Herodotus VI: 117


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Greek

ἐν ταύτῃ τῇ ἐν Μαραθῶνι μάχῃ ἀπέθανον τῶν βαρβάρων κατὰ ἑξακισχιλίους καὶ τετρακοσίους ἄνδρας, Ἀθηναίων δὲ ἑκατὸν καὶ ἐνενήκοντα καὶ δύο. ἔπεσον μὲν ἀμφοτέρων τοσοῦτοι. [2] συνήνεικε δὲ αὐτόθι θῶμα γενέσθαι τοιόνδε, Ἀθηναῖον ἄνδρα Ἐπίζηλον τὸν Κουφαγόρεω ἐν τῇ συστάσι μαχόμενόν τε καὶ ἄνδρα γινόμενον ἀγαθὸν τῶν ὀμμάτων στερηθῆναι οὔτε πληγέντα οὐδὲν τοῦ σώματος οὔτε βληθέντα, καὶ τὸ λοιπὸν τῆς ζόης διατελέειν ἀπὸ τούτου τοῦ χρόνου ἐόντα τυφλόν. [3] λέγειν δὲ αὐτὸν περὶ τοῦ πάθεος ἤκουσα τοιόνδε τινὰ λόγον, ἄνδρα οἱ δοκέειν ὁπλίτην ἀντιστῆναι μέγαν, τοῦ τὸ γένειον τὴν ἀσπίδα πᾶσαν σκιάζειν: τὸ δὲ φάσμα τοῦτο ἑωυτὸν μὲν παρεξελθεῖν, τὸν δὲ ἑωυτοῦ παραστάτην ἀποκτεῖναι. ταῦτα μὲν δὴ Ἐπίζηλον ἐπυθόμην λέγειν.

Translation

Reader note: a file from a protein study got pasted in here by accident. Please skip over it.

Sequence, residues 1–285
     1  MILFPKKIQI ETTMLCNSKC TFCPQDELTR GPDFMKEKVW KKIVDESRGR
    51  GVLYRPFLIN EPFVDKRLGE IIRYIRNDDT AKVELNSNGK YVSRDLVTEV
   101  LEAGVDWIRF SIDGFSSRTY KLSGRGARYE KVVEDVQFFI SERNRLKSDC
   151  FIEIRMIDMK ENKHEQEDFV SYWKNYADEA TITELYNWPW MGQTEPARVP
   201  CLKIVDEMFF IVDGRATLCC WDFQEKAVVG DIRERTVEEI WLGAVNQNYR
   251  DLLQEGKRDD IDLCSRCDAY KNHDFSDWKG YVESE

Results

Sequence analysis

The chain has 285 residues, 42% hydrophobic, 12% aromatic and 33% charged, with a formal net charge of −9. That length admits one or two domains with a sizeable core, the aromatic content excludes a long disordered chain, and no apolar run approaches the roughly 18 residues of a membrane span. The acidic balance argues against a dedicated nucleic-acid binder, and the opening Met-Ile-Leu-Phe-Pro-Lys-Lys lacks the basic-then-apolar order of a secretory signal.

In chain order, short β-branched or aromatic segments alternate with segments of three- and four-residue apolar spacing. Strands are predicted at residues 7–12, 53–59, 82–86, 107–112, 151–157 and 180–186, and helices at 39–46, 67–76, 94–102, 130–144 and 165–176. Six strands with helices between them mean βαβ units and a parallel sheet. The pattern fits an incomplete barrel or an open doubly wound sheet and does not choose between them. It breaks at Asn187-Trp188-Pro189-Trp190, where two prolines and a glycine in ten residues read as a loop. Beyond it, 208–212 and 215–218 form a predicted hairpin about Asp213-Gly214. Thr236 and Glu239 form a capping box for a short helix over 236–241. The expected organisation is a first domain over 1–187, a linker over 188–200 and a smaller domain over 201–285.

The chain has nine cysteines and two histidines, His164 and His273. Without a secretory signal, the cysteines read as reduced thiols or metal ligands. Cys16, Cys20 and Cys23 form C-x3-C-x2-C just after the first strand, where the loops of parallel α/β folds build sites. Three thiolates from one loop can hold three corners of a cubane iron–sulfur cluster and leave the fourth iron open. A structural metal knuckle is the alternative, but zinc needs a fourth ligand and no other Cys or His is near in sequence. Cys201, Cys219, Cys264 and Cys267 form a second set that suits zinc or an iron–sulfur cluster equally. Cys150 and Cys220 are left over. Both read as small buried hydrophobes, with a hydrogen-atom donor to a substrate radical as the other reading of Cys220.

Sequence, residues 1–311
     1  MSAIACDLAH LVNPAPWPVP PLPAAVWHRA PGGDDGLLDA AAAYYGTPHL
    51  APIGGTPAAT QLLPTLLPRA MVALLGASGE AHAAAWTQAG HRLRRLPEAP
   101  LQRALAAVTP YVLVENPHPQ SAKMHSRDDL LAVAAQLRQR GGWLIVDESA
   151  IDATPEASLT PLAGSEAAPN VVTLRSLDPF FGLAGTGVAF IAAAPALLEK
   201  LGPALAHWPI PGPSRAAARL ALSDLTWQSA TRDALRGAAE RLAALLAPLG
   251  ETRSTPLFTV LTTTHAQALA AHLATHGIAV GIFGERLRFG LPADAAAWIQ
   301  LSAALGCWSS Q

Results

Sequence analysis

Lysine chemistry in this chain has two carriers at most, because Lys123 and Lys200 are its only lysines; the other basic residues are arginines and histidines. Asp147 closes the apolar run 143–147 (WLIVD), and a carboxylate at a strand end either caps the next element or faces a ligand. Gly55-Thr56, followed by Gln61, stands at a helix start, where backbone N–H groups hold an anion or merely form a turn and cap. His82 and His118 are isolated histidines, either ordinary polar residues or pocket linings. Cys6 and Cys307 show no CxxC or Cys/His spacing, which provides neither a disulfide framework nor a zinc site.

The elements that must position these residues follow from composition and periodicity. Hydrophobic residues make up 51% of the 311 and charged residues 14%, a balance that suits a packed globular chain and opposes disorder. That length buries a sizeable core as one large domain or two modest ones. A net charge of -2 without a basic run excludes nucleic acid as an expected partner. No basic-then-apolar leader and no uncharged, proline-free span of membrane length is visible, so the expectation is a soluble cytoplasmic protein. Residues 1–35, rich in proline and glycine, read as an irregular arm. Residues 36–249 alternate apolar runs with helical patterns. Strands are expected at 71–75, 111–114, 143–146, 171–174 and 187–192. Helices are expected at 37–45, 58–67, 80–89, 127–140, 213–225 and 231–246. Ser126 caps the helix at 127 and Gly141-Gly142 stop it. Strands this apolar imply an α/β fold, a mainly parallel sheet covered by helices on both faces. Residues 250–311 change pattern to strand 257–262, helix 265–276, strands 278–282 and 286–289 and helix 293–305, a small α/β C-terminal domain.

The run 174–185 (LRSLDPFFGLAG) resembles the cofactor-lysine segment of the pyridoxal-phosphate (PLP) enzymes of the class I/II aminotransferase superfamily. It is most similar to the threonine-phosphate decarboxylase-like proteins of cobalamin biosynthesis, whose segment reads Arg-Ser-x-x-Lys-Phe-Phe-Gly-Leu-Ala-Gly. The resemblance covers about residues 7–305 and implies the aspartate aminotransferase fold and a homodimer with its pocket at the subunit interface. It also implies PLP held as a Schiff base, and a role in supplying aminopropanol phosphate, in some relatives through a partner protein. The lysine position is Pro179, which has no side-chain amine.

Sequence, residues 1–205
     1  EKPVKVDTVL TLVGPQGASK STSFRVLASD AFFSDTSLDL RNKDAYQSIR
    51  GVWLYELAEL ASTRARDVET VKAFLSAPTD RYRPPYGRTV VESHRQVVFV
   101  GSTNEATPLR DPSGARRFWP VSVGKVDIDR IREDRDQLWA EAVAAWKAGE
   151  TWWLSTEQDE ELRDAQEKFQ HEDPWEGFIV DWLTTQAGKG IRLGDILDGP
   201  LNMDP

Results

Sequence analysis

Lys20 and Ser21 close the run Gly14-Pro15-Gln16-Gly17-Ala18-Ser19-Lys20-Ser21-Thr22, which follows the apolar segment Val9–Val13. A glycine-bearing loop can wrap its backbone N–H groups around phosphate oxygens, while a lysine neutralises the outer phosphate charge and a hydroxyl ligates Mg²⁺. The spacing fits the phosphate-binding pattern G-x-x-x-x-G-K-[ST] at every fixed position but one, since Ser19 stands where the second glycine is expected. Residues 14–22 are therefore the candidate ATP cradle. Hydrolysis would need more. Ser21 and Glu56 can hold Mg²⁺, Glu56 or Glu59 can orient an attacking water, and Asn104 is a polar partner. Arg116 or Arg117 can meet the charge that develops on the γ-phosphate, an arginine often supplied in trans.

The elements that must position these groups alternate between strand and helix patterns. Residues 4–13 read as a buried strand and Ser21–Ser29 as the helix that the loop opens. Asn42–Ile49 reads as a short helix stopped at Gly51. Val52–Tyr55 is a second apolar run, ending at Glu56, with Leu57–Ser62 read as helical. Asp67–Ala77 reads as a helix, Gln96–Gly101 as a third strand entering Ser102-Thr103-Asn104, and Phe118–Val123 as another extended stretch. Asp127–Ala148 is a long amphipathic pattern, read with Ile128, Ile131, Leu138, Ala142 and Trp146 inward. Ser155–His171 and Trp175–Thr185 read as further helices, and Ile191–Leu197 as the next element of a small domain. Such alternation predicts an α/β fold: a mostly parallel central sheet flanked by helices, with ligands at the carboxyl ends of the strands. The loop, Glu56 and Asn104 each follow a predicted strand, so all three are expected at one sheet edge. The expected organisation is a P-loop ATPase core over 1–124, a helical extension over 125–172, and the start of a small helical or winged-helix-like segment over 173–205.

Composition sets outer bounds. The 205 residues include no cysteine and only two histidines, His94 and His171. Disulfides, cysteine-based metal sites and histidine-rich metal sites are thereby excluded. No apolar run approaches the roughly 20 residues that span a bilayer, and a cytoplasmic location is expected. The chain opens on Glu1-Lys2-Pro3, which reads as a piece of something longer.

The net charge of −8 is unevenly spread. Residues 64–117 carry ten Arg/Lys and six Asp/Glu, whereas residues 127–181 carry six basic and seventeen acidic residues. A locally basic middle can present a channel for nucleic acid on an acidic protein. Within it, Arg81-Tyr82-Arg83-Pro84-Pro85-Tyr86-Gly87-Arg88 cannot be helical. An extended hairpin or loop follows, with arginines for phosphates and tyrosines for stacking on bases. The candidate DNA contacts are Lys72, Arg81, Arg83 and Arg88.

In this battle at Marathon about six thousand four hundred men of the foreigners were killed, and one hundred and ninety-two Athenians; that many fell on each side. [2] An amazing thing, such as follows, happened there: an Athenian, Epizelus son of Couphagoras, was fighting and behaving as a brave man in the thick of battle when he was deprived of his sight, though struck or hit nowhere on his body, and from that time on he spent the rest of his life in blindness. [3] I have heard that he tells such a story as follows about his misfortune: a tall armed man seemed to oppose him, whose beard overshadowed his whole shield, but the phantom passed him by and killed the man next to him. I learned by inquiry that this is the story Epizelus tells.